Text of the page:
Overall, my race experience was excellent. It always has been with this race.  The spectators and water stop volunteers along the way were supportive and amazing.  Everything was well stocked with water and Gatorade and there was plenty of volunteers as I came through. Based on the storms the night before, it could have gone a completely different way with no-shows but it didn’t. The volunteers deserve our kudos because they did go above and beyond to come out anyways.

I ran the quarter marathon and was able to complete the race relatively dry. It started raining just as I reached the finish area. I did see a flash of lightning about a half mile from the finish, so I picked up the pace, because I expected the race to be cancelled once lightning was observed. Up to that point I was pretty much sand-bagging it because I did not intend to ‘race’ this race. Lightning made my last half mile look more like a race. This Winter and Spring, my training has not been up to snuff due to excessive work travel and poor travel food choices and still feeling like I am coming back from my extended time off due to injury. These are all things I am working on improving for my Fall races.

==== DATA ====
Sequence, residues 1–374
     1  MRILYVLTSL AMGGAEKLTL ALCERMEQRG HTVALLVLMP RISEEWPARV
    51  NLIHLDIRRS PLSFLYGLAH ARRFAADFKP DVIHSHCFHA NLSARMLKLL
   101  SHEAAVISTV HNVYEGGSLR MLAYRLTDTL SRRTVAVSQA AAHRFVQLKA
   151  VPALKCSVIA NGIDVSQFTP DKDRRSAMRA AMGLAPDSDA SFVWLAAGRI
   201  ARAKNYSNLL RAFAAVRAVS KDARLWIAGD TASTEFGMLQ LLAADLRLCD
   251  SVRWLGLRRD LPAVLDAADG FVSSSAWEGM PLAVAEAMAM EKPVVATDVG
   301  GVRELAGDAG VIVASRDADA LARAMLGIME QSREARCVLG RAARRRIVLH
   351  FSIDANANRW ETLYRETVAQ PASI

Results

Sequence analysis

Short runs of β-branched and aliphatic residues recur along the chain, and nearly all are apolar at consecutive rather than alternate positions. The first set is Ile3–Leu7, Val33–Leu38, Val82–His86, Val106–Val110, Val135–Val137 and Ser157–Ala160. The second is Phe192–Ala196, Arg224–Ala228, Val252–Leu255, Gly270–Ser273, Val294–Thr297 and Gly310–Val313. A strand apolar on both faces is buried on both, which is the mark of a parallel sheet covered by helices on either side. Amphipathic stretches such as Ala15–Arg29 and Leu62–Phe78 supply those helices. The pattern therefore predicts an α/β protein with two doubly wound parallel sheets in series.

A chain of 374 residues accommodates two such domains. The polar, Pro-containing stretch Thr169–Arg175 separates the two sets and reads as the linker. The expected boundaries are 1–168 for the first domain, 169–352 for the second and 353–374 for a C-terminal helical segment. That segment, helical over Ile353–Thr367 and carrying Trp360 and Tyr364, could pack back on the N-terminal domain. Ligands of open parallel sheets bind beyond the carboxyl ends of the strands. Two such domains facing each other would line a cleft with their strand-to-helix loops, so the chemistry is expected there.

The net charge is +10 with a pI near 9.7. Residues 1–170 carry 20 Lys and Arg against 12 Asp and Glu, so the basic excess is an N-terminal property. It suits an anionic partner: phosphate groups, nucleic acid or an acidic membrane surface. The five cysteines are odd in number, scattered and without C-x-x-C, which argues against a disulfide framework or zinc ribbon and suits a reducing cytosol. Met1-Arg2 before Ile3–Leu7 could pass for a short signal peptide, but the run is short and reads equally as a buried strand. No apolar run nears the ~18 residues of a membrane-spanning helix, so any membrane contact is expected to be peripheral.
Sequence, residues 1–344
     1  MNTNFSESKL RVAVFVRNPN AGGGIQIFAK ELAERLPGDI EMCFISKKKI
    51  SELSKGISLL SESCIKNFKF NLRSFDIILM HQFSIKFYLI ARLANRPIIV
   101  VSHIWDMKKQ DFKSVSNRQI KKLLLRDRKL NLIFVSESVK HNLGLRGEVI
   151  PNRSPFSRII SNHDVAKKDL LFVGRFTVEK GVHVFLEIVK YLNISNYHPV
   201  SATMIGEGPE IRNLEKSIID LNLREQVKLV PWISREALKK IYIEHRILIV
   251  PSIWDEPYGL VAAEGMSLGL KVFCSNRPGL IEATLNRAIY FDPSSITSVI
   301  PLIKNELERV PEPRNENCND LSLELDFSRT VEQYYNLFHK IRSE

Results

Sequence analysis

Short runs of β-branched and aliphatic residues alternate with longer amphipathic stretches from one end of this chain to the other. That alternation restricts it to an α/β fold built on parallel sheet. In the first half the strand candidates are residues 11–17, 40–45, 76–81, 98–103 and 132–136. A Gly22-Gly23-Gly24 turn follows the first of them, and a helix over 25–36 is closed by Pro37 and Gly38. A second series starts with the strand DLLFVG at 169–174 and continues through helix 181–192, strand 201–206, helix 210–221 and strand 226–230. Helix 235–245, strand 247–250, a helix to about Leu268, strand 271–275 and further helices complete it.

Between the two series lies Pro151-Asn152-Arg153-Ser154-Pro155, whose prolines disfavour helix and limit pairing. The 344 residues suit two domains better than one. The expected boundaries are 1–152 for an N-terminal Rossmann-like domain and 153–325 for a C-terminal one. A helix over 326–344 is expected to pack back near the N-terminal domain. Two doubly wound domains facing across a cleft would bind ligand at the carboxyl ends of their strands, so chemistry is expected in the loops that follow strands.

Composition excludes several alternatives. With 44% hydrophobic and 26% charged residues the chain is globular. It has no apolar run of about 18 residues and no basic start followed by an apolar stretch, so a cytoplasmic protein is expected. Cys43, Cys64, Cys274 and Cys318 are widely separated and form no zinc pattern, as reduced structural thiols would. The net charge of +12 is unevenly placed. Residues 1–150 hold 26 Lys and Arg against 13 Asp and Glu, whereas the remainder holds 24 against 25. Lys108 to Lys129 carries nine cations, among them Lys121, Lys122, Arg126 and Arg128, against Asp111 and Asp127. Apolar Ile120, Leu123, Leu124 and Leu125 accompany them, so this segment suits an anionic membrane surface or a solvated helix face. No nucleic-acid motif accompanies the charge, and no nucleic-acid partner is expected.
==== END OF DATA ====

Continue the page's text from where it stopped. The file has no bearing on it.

And then the bad weather hit…

M3S uses a runner alert system known as EAS (Event Alert System).  The EAS system was established back in 2007 by the Chicago Marathon when higher than expected temperatures threatened the safety of the race. The Chicago Marathon enacted a colored flag system, shown below to alert runners to dangerous conditions. This system has since been implemented by many races including Cap City to cover a wide range of emergency systems.  Here is a picture of what each color means:

EAS Event Alert System